To help spread awareness, the NMDOT introduced the newest member of their team, a roadrunner mascot named “Zippy”, dedicated to promoting work zone safety across the state. Zippy’s mission is clear: to educate drivers, pedestrians, and workers about the importance of staying safe in work zones. He joins TxDOT’s Work Zone Willy, Safe-T-Rex, and Safe-T-Jake – all creatures built from recycled safety barrels.

With a booming economy and growing population, construction and maintenance work on Texas and New Mexico roads is essential and has the region’s power provider accommodating for growth.

"National Work Zone Awareness Week highlights the crucial role that El Paso Electric's line workers play in the energy delivery to our customers. Whether under the daytime sun or the quiet darkness of overnight shifts, these dedicated individuals work tirelessly to ensure that power flows reliably,” said Dave Hawkins, vice president of operations support. “As motorists navigate their daily communities, they may encounter work zones put in place to upgrade EPE infrastructure. EPE reminds the community that their responsibility is to respect signage and barricades and help us safeguard our crews who are committed to maintaining our energy delivery system.”

Drivers are also reminded of the Move Over/Slow Down law that is intended to help protect roadside crews and first responders. The law requires drivers to move over a lane or reduce their speed to 20 mph below the posted speed limit when they approach a TxDOT vehicle, law enforcement, emergency vehicle, tow truck or utility vehicle stopped with flashing lights activated on the side of the road. Failure to follow the Move Over/Slow Down law can result in fines of up to $1,250 for a first offense. Stricter penalties for drivers who cause serious injuries by failing to follow these rules now include possible jail time and a fine of up to $4,000.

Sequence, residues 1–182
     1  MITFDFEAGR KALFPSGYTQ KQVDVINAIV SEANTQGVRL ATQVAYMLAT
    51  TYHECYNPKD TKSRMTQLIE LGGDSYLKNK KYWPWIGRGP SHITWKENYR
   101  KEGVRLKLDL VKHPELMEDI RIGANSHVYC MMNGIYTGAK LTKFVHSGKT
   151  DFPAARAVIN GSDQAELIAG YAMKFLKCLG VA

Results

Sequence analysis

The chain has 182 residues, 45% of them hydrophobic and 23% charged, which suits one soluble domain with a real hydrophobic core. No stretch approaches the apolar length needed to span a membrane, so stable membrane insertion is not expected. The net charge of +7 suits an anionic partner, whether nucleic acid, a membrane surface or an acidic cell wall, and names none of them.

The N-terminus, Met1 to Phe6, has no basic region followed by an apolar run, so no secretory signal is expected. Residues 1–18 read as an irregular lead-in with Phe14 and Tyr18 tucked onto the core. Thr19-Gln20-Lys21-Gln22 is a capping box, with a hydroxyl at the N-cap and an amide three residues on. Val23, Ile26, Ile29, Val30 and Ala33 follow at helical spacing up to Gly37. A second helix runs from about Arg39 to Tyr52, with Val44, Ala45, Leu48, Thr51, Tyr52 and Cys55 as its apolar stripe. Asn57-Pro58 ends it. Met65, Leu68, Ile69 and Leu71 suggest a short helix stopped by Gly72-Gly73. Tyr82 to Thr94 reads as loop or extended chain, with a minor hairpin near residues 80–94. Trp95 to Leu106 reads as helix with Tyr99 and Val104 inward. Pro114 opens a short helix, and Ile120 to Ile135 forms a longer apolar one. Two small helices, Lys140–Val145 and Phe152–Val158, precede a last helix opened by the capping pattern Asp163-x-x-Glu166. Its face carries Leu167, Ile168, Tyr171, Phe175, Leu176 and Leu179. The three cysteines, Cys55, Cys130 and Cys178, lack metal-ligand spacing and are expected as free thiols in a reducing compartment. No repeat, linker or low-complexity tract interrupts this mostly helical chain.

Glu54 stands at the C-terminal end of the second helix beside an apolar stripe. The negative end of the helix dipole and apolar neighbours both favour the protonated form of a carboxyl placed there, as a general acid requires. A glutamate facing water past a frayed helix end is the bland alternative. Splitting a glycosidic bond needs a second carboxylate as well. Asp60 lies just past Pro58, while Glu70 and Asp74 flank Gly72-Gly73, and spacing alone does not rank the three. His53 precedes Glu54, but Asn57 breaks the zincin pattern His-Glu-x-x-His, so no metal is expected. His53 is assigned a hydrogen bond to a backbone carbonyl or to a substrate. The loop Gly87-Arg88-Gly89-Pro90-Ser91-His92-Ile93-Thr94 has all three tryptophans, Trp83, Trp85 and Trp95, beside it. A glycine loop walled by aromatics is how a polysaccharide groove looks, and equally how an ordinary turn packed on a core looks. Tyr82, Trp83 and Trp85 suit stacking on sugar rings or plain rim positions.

Tips for driving safely in a work zone:

  • Slow down. Speeding is one of the major causes of work zone crashes.
  • Don’t tailgate. Keep a safe distance between you, the car ahead of you, the construction workers, and their equipment.
  • Pay attention to detours and traffic control, watch for speed reduction and changes in configuration.
  • Stay alert and minimize distractions. No phones, loud music, makeup, or food.
  • Be patient and stay calm.

To spread work zone safety awareness and encourage safe driving behaviors, roadway safety professionals are encouraged to wear orange on April 17 for Go Orange Day. The Star on the Mountain will also turn orange for the night.

More about the week: National Work Zone Awareness Week is an initiative that began in 1999 and is conducted each spring by the Federal Highway Administration (FHWA), the American Association of State Highway and Transportation Officials (AASHTO) and the American Traffic Safety Services Association (ATSSA), to bring awareness to work zone safety issues. The campaign focuses on offering safety tips for drivers to help them to be safe and drive smart in work zones. For online information about National Work Zone Awareness Week, go to: